Day 23 and finally something positive to report. I had three chapters of the manual and videos to complete so I decided to go back and try some enumeration on the lab devices and ended up floundering hopelessly, a lot of ports and services I'd never even heard of, searching for vulnerabilities yielded either zero results or gigantic lists of which most was probably not relevant.

    I went to a friend who's already completed the OSCP years ago and he stepped me through a simple exploit and it was immensely helpful. I'll likely be using him as a mentor for the next two months, I doubt I can do this on my own. In the "pwned" machine though I managed to copy across fgdump (after about two hours of troubleshooting FTP, not considering interactive commands and the binary option), and then managed to enumerate some password hashes, and from that successfully use John the Ripper, and given the account names I suspect they'll be of use on other machines. The first instance of momentum since starting the course.

    It's disheartening when I read people getting root access on multiple machines within the first week of the course, where I have just one (with help) nearly a month in, and I've not been light on study either, hours every night. I guess the certification attracts the kind of student who already has knowledge in this domain. I'm either well behind the average student, or maybe the certification has a very high failure rate.
  • impelseimpelse Posts: 1,226Member ■■■■□□□□□□
    Sheiko37 wrote: »
    It's disheartening when I read people getting root access on multiple machines within the first week of the course, where I have just one (with help) nearly a month in, and I've not been light on study either, hours every night. I guess the certification attracts the kind of student who already has knowledge in this domain. I'm either well behind the average student, or maybe the certification has a very high failure rate.

    A lot of those users got some experience and they have some good programming skills others are using metasploit, etc, etc and the last part is do not believe everything you read!!!!
    Blog: learn-security.net

    Computer Support Houston Area: thehost1.com
  • leugenelleugenel Posts: 27Member ■□□□□□□□□□
    Same here. I pwned 2 machines in 2 weeks. Its incredibly slow for me. Hope it will get better. I avoid using metasploit or vulnerability scanner and try to do everything manually, just to get a better feel of what I doing. I feel like I'm learning a lot though... Sometimes I tried to ask admin for advice, but the answer I get most of the time is that I missed something and need to enumerate more. Now I just pick 1 machine at a time and work on it till the end - even if I have no idea what I'm looking for, I feel its better than jump from machine to machine looking for easy ones.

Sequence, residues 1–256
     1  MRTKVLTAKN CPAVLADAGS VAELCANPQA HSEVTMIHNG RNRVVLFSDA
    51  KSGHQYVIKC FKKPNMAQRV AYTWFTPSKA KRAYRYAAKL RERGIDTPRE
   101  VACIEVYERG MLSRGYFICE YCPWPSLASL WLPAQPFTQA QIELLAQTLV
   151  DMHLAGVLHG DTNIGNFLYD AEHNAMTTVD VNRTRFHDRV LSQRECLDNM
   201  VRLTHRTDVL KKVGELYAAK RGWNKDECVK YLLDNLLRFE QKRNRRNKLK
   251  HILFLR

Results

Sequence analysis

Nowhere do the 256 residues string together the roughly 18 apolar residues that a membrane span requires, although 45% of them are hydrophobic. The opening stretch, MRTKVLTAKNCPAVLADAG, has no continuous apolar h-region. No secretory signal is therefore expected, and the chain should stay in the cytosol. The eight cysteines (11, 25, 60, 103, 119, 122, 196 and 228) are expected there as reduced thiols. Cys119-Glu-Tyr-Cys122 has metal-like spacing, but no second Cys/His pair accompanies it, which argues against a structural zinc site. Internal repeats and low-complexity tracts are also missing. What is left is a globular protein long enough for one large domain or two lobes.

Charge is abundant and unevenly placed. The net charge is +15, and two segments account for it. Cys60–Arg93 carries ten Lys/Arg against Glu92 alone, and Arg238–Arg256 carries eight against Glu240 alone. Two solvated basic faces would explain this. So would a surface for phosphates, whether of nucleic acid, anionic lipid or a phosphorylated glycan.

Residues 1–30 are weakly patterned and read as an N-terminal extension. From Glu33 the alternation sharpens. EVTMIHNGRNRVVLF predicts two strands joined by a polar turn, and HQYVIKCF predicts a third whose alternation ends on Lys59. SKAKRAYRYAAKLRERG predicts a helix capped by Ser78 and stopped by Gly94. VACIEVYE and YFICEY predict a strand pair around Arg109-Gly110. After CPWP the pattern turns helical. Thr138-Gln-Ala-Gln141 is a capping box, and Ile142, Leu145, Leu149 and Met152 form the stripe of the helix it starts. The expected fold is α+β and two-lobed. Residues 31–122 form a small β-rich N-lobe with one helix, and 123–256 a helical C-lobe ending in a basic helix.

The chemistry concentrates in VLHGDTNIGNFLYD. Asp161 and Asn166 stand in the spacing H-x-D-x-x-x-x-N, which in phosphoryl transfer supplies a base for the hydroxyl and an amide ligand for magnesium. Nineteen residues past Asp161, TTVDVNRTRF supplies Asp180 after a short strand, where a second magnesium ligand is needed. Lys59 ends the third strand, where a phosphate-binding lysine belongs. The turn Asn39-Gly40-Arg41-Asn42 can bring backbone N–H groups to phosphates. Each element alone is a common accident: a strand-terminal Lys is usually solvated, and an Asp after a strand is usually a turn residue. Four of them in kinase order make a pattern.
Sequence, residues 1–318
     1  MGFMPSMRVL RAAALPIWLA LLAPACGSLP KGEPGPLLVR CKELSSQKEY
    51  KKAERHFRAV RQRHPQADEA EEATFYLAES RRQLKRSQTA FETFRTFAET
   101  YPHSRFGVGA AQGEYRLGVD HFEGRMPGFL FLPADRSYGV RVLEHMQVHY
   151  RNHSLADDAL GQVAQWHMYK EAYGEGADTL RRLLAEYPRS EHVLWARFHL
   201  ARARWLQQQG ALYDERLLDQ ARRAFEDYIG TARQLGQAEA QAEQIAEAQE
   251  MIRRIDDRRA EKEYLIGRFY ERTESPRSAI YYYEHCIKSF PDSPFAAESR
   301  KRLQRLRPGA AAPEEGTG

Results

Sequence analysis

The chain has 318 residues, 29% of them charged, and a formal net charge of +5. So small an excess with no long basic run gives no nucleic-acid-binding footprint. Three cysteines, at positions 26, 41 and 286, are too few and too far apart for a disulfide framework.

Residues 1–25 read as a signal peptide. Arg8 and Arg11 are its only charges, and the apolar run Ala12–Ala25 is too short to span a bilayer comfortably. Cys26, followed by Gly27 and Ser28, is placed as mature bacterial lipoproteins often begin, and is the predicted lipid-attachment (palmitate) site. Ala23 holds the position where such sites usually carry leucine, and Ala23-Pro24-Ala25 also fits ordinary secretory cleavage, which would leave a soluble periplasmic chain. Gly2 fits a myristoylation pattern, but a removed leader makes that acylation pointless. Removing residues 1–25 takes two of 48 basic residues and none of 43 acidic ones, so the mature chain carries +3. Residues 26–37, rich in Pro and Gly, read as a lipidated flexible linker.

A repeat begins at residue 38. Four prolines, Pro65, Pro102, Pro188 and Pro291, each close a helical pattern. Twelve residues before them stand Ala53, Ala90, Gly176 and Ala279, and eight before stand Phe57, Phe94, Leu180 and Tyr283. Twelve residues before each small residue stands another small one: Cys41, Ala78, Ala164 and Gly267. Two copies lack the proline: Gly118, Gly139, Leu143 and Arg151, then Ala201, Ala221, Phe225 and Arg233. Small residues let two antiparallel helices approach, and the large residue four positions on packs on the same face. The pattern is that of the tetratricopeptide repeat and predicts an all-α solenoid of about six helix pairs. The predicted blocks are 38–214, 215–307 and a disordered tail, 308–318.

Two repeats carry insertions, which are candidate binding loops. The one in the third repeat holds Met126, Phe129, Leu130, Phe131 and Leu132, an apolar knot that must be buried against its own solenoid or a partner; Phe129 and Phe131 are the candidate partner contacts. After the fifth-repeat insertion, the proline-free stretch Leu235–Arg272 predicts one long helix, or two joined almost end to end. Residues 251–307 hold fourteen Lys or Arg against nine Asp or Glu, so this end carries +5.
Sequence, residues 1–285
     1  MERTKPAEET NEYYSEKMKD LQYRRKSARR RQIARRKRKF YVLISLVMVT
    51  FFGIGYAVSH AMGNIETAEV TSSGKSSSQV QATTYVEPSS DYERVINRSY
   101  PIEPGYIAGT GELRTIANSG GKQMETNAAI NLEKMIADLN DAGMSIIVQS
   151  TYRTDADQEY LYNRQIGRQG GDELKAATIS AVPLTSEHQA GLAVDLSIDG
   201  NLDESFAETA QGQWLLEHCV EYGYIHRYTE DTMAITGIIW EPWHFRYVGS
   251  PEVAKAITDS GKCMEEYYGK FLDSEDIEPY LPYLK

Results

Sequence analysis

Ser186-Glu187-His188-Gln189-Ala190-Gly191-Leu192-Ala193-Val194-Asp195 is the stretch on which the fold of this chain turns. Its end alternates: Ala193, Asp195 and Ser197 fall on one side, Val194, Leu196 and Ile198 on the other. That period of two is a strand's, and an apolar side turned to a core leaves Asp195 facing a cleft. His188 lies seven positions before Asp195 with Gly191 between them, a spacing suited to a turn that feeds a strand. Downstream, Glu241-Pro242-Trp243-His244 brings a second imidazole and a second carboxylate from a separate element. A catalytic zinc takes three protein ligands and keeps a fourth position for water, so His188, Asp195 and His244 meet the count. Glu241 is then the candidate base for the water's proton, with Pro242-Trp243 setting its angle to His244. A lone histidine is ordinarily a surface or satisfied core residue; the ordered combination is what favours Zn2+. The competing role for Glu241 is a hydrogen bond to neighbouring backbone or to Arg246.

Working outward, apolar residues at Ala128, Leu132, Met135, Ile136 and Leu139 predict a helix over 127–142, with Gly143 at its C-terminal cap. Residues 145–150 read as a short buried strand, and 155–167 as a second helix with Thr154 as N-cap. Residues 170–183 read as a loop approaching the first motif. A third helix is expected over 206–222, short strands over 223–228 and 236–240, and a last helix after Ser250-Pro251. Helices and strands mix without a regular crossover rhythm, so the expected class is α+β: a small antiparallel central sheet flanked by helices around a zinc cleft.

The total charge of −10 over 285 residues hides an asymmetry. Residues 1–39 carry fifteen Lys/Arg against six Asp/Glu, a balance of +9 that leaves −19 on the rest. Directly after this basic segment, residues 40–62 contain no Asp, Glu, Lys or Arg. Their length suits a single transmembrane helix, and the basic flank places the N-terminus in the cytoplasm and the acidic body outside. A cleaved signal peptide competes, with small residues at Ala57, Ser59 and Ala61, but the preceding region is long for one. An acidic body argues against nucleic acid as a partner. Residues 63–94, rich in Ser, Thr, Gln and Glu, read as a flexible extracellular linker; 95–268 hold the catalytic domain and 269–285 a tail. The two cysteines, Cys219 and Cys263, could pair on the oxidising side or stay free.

• impelseimpelse Posts: 1,226Member ■■■■□□□□□□
    I stopped my lab, begin again next month, I will follow one suggestion I got in another thread, attack only the Windows machines because I have more knowledge of that OS and then attack only the Linux.

    Lets see if my speed increase.
    Blog: learn-security.net

    Computer Support Houston Area: thehost1.com
  • Sheiko37Sheiko37 Posts: 210Member
    Update: I've finished the course material but left the last chapter that steps through a full penetration test, I'll come back to it. I'm spending about 4-6 hours each day studying.

    I have root/administrator privileges on four boxes and a low privilege shell on a 5th, which I'm 95% sure I'm using the right exploit and the issue is on my end with my Kali Linux or Metasploit installation, so I moved on. I'm still working with two friends who've passed the OSCP, they're not giving me answers but just helping with resources, general knowledge, syntax issues, etc. I know that will result in accusations of "spoon feeding" and "hand holding"...

    If knowledge acquisition is your goal then I highly recommend working with others through your study, there's no reason to limit yourself.

    I still have disagreements with the way the course is delivered, but whatever, it's their product they can do whatever they want with it. To quote my friend who passed the OSCP - "I knew nothing coming into the OSCP, and that's why I still know nothing now".

    If I get some time tonight I'll put together a list of some useful resources and topics I've been going through.
  • impelseimpelse Posts: 1,226Member ■■■■□□□□□□
    Good, keep going
    Blog: learn-security.net

    Computer Support Houston Area: thehost1.com
  • adrenaline19adrenaline19 Posts: 251Member
    If you really study the course material, you are given 5 boxes for free. I don't know where you are going wrong. I'm 3 days in and it's the most fun I've ever had of any game. I treat it like WoW or any other game and I'm loving it! Last August, I couldn't have explained I.P.'s to you, but now I'm putting boxes in the OSCP. I couldn't be happier!